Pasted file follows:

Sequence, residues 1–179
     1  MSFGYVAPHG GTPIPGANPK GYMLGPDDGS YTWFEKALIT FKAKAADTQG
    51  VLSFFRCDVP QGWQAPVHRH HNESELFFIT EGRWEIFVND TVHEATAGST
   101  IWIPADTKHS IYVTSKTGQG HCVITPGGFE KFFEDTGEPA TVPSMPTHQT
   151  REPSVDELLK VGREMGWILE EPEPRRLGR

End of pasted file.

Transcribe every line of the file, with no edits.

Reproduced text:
Sequence, residues 1–179
     1  MSFGYVAPHG GTPIPGANPK GYMLGPDDGS YTWFEKALIT FKAKAADTQG
    51  VLSFFRCDVP QGWQAPVHRH HNESELFFIT EGRWEIFVND TVHEATAGST
   101  IWIPADTKHS IYVTSKTGQG HCVITPGGFE KFFEDTGEPA TVPSMPTHQT
   151  REPSVDELLK VGREMGWILE EPEPRRLGR